Study selection criteria

Only RCTs, including cluster-RCTs, were included. To identify interventions carried out in populations with standards of living similar to the UK, only publications from most developed countries in the United Nations Index [21], with an English language abstract were included.

Given the heterogeneity in age at retirement, here we defined the retirement transition period as age 54 to 70 years and sought RCTs of adult participants with sample mean or median ages between 54 and 70 years. Studies involving non-institutionalized adults with or without health risk factors (such as overweight, abdominal obesity, raised blood pressure, abnormal lipid levels and metabolic syndrome) were included.

Characteristics of interventions

We searched for interventions promoting healthy dietary patterns such as the MD, as well as interventions promoting any of its component food groups (that is, increased fruit and vegetables (F&V); legumes or pulses; nuts and seeds; unrefined cereals; olive oil; fish; moderate consumption of wine; low consumption of meat and meat products). Studies investigating lifestyle interventions including other components, such as physical activity, were included only if the effects of the diet component were reported independently. To assess sustained impacts on behavior change, only interventions with a follow-up of more than three months were included.

Studies promoting other dietary patterns (for example, vegetarian), laboratory feeding trials (not intended to assess behavior change), studies on change in a specific macro/micro nutrient (for example, low-fat, high-protein), studies promoting pre-fabricated diet foods or meal-replacement drinks, and studies testing dietary supplements (for example, fish oil) were excluded.

Outcome measures

Our primary outcome was dietary change defined as: change in consumption of one or more components of the MD; improved MD adherence at follow-up as assessed by established MD-scores [22]; and quantitative analysis of MD components (for example, change in the number of portions, servings or weight consumed of fruit and/or vegetables, fish, olive oil or red meat). The method of outcome measurement was documented (for example, diet recalls, food diaries and food frequency questionnaires (FFQ)). Outcomes reported as number of portions/servings were converted into grams using the portion size reported in the original articles. However, for studies originating from the USA and not declaring portion sizes, we converted these data using the US Department of Agriculture standard portion sizes [23] assuming the following portion sizes: F&V 113 g, fish 110 g.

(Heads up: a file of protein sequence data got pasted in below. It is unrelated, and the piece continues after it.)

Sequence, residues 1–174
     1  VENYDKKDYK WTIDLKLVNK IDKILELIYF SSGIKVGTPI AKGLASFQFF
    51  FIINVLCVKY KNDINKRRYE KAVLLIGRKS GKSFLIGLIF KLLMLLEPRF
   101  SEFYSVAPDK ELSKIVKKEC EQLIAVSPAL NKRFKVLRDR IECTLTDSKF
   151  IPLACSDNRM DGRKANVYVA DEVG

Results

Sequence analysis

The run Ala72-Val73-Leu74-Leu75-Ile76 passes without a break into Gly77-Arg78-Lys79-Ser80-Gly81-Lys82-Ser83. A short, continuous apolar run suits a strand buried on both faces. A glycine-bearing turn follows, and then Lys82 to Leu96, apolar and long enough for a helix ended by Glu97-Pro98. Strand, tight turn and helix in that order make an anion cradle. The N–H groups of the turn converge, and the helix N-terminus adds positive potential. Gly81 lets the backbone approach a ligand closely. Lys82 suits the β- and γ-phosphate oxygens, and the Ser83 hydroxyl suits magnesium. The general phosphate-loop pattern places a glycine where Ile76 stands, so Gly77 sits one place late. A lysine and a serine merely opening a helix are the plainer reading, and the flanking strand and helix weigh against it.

Data extraction

Two reviewers independently assessed publications for eligibility. The decision to include studies was hierarchical and made initially on the basis of the study title and abstract; when a study could not be excluded with certainty at this stage, the full-text was obtained for evaluation. A standardized, pre-piloted form was used to extract data from the included studies for assessment of study quality and evidence synthesis. Discrepancies between reviewers were resolved through discussion with a third reviewer and a consensus approach was used. Extracted information included: study design (country, methods of recruitment, follow-up length, methods of analysis, completion rates, number of intervention contacts – that is, contacts during delivering the intervention rather than contacts when only measurements were taken); participants characteristics (population and setting, inclusion/exclusion criteria, baseline characteristics); description of measurement methods; outcome measures (dietary intake); and information to assess the risk of bias. Study quality was assessed using the Cochrane risk of bias tool [18]. Two reviewers extracted data, one independently and the second confirming or completing information required.

Statistical analysis

Review Manager (RevMan Version 5.1 for Windows Copenhagen: The Nordic Cochrane Centre, The Cochrane Collaboration, 2011) and Stata (Stata/SE 11.2 for Windows; StataCorp LP, College Station, TX, USA) were used to pool and analyze results from the individual studies. Pooled results are reported as mean differences with 95% CIs and with two-sided P-values. A random effects model accounting for inter-study variation was used, thereby minimizing potential bias due to methodological differences between studies. Multiple dietary intervention arms from three studies were included in the meta-analysis. As suggested by Higgins et al. [18], excessive weightings from “double counts” originating from the “shared” group (that is, the control group) were controlled by splitting the sample size of the shared group into approximately equal smaller groups for the comparisons; the means and standard deviations were left unchanged. When available, we used results from multivariate models with the most complete adjustment for potential confounders reported in original studies.